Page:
The Best Letters of Charles Lamb eBook

This eBook from the Gutenberg Project consists of approximately 257 pages of information about The Best Letters of Charles Lamb.
actors.  Quite the prattle of age and outlived importance.  Truth and sincerity staring out upon you perpetually in alto relievo.  Himself a party man, he makes you a party man.  None of the cursed philosophical Humeian indifference, so cold and unnatural and inhuman!  None of the cursed Gibbonian fine writing, so fine and composite.  None of Dr. Robertson’s periods with three members.  None of Mr. Roscoe’s sage remarks, all so apposite, and coming in so clever, lest the reader should have had the trouble of drawing an inference.  Burnet’s good old prattle I can bring present to my mind; I can make the Revolution present to me:  the French Revolution, by a converse perversity in my nature, I fling as far from me.  To quit this tiresome subject, and to relieve you from two or three dismal yawns, which I hear in spirit, I here conclude my more than commonly obtuse letter,—­dull up to the dulness of a Dutch commentator on Shakspeare.  My love to Lloyd and Sophia.

C. L.

[1] To this remarkable person we are largely indebted for some of the best of Lamb’s letters.  He was mathematical tutor at Caius College, Cambridge, and in later years became somewhat famous as an explorer of the remoter parts of China and Thibet.  Lamb had been introduced to him, during a Cambridge visit, by Charles Lloyd, and afterwards told Crabb Robinson that he was the most “wonderful man” he ever met.  An account of Manning will be found in the memoir prefixed to his “Journey to Lhasa,” in 1811-12. (George Bogle and Thomas Manning’s Journey to Thibet and Lhasa, by C.R.  Markham, 1876.)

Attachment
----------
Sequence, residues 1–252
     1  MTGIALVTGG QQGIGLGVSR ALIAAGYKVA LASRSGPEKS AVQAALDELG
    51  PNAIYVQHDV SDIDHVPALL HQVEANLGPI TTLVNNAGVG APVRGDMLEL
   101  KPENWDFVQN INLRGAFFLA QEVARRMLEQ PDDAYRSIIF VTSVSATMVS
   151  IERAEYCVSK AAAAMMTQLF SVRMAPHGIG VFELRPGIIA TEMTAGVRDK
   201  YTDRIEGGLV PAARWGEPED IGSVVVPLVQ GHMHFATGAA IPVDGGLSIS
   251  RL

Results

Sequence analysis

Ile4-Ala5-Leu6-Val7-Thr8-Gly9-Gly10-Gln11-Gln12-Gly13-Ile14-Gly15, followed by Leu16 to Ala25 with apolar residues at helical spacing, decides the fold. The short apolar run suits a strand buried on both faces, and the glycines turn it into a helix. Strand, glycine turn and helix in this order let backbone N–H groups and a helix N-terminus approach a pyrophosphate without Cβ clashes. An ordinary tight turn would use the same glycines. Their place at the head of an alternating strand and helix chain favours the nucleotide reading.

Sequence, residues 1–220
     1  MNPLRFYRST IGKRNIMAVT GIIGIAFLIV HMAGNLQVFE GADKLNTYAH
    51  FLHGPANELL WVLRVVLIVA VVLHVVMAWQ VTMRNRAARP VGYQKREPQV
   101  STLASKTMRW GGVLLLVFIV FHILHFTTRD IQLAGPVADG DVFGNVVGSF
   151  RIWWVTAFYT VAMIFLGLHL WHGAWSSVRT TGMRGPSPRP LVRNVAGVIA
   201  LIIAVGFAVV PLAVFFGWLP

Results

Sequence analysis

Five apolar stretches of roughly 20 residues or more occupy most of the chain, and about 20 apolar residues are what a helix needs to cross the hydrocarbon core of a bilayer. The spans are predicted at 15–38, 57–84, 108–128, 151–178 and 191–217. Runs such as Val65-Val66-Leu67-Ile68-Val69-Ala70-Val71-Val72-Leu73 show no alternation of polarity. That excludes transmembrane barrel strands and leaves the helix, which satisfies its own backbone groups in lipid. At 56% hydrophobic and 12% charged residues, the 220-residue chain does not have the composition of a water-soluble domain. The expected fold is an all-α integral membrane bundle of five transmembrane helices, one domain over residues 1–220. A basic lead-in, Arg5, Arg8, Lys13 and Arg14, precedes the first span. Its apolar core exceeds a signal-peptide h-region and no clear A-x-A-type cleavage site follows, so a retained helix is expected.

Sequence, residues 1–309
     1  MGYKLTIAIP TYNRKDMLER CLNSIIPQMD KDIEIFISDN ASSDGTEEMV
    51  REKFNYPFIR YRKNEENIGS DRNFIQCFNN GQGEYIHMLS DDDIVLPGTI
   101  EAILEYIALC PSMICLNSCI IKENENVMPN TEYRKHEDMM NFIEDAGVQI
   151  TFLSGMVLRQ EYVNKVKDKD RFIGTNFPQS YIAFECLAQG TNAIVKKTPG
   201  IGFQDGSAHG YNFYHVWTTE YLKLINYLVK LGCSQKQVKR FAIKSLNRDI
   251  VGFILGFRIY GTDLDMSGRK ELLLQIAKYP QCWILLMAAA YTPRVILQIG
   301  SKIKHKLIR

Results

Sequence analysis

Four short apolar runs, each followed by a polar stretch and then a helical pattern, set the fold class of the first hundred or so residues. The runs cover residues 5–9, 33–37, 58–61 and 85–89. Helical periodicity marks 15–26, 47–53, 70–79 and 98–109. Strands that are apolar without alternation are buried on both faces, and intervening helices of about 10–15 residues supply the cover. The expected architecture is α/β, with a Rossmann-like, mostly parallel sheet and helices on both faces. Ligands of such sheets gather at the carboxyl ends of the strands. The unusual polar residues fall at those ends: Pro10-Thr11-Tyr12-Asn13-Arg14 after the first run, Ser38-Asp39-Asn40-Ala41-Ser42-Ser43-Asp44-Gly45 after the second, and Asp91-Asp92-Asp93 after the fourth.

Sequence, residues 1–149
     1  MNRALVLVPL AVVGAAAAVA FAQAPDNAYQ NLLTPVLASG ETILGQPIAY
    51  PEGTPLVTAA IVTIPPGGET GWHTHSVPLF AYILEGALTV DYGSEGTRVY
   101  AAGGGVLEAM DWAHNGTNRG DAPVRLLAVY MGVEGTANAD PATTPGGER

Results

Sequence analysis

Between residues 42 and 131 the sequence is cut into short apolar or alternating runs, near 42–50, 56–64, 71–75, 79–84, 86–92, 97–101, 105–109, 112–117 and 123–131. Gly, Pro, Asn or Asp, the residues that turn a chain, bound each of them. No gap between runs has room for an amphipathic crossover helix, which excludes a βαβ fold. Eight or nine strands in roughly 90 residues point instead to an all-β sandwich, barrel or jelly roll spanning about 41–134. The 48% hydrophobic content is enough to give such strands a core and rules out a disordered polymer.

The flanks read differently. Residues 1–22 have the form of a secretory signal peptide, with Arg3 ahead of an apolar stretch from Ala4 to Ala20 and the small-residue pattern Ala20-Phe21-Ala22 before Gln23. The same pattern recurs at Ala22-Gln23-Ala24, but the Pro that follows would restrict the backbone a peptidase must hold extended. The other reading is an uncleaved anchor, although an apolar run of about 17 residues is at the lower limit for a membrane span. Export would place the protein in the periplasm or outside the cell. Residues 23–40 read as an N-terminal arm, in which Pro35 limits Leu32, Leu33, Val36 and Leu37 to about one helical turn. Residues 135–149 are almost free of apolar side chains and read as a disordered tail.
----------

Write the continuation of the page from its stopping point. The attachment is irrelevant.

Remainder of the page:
XX.

TO COLERIDGE,

May 12, 1800,

My Dear Coleridge,—­I don’t know why I write, except from the propensity misery has to tell her griefs.  Hetty [1] died on Friday night, about eleven o’clock, after eight days’ illness; Mary, in consequence of fatigue and anxiety, is fallen ill again, and I was obliged to remove her yesterday.  I am left alone in a house with nothing but Hetty’s dead body to keep me company.  To-morrow I bury her, and then I shall be quite alone, with nothing but a cat to remind me that the house has been full of living beings like myself.  My heart is quite sunk, and I don’t know where to look for relief.  Mary will get better again; but her constantly being liable to such relapses is dreadful; nor is it the least of our evils that her case and all our story is so well known around us.  We are in a manner marked.  Excuse my troubling you; but I have nobody by me to speak to me.  I slept out last night, not being able to endure the change and the stillness.  But I did not sleep well, and I must come back to my own bed.  I am going to try and get a friend to come and be with me to-morrow.  I am completely shipwrecked.  My head is quite bad.  I almost wish that Mary were dead.  God bless you.  Love to Sara and Hartley.

C. LAMB.

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